The beginning of January is typically the time of year that people set goals for themselves. You can set goals any time of year, but right now is when you might have some in mind. If you are needing some extra encouragement to adhere to your New Year’s Resolution; this could be the blog for you.
Former President of the USA Dwight Eisenhower said “plans are useless; planning is indispensable”. Research1
has since provided backing for this, finding that if people make both action plans and coping plans they are more likely to achieve sustained behavior change.
If you plan how you are going to achieve your goal you are more likely to achieve it. And if you plan how you are going to cope with setbacks and challenges, you are more likely to overcome them. For example, if your goal is to exercise five times a week (the World Health Organisation2 currently recommends 150 minutes of exercise per week), start by planning when, where and how you will exercise. Then take some time to plan how to overcome obstacles such as illness, loss of motivation, inclement weather and injuries you are more likely still to succeed.
If you have managed to adhere to your New Year’s Resolution: Well done! You can increase the chances of your sustained success by developing coping plans to go with your action plans.
As Eisenhower’s quote suggests, it is important to be able to adapt your plans to emerging circumstances; such as having to travel for work, or illness of a family member. Hence the plan itself needs to be able to change and planning for contingencies in an ongoing way is indispensable.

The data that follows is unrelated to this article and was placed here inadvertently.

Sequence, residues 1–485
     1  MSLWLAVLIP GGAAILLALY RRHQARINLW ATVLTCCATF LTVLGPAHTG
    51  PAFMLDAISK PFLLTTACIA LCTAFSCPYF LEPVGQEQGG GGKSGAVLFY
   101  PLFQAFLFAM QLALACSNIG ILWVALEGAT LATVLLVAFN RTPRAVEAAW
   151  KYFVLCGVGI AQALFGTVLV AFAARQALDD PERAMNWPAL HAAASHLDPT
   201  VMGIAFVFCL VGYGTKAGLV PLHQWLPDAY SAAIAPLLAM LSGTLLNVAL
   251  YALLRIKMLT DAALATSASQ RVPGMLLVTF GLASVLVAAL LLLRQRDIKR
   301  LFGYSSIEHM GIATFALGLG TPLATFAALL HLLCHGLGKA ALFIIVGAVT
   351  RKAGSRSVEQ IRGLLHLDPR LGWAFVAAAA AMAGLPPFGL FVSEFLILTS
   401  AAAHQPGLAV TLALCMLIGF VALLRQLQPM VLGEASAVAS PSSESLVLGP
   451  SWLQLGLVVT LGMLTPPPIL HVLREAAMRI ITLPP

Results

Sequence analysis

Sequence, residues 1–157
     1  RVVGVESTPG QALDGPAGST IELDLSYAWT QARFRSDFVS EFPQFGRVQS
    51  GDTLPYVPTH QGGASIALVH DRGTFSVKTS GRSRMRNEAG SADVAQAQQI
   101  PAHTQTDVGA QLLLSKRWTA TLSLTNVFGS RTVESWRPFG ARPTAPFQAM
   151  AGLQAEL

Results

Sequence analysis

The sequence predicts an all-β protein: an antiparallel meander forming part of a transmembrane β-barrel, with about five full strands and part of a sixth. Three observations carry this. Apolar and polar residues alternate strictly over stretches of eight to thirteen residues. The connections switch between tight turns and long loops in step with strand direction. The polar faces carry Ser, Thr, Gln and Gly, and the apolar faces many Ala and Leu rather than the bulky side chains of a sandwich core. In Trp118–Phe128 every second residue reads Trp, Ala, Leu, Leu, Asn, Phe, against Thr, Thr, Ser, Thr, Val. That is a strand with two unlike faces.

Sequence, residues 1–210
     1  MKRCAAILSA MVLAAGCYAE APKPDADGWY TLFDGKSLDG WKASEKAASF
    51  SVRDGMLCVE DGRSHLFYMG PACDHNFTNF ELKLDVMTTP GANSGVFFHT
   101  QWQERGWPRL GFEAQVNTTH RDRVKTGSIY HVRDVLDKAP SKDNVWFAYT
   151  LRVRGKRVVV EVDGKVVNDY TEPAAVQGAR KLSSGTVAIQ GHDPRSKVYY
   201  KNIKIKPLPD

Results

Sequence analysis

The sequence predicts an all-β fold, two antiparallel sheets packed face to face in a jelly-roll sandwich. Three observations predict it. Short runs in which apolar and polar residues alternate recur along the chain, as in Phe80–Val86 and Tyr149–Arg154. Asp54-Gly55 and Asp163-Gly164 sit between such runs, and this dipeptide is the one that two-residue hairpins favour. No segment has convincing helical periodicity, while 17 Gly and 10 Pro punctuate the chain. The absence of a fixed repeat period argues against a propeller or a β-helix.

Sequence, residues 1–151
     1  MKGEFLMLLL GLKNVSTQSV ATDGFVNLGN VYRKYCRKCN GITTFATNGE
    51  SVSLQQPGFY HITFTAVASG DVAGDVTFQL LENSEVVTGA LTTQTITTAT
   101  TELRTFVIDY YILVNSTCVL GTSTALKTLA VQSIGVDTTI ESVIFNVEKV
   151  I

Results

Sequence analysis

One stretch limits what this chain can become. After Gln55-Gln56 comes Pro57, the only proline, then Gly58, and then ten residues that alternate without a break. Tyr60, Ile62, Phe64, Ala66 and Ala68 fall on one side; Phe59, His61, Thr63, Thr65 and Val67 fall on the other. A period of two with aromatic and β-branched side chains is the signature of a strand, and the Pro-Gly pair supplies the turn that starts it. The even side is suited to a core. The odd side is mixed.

If you have drifted from how much you were hoping to have achieved by now; re-engage with your intentions.
What did you want to achieve and why?
How will you achieve your goal?
Where will you do it?
Make sure you think of as many barriers to success as you can and think of how you can overcome them now.
Your EAP can help you find goals that are meaningful and achievable for you and help you plan how you can achieve them while overcoming inevitable barriers. You can make an appointment by calling 1800 629 277 or by emailing email@example.com
1. Sniehotta, F. F., Scholz, U., & Schwarzer, R. (2006). Action plans and coping plans for physical exercise: A longitudinal intervention study in cardiac rehabilitation. British Journal of Health Psychology, 11, 23-37.
2. de Bruijn, G., Rhodes, R. E., & van Osch, L. (2012). Does action planning moderate the intention-habit interaction in the exercise domain? A three-way interaction analysis investigation. Journal of Behavioral Medicine, 35(5), 509-19. doi:http://dx.doi.org/10.1007/s10865-011-9380-2